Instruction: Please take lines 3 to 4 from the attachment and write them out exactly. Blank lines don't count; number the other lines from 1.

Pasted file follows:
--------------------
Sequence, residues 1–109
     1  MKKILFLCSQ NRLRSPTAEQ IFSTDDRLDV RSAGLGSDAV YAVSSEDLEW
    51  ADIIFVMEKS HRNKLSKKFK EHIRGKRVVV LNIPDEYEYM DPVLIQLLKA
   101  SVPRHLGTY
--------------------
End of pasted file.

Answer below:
    51  ADIIFVMEKS HRNKLSKKFK EHIRGKRVVV LNIPDEYEYM DPVLIQLLKA
   101  SVPRHLGTY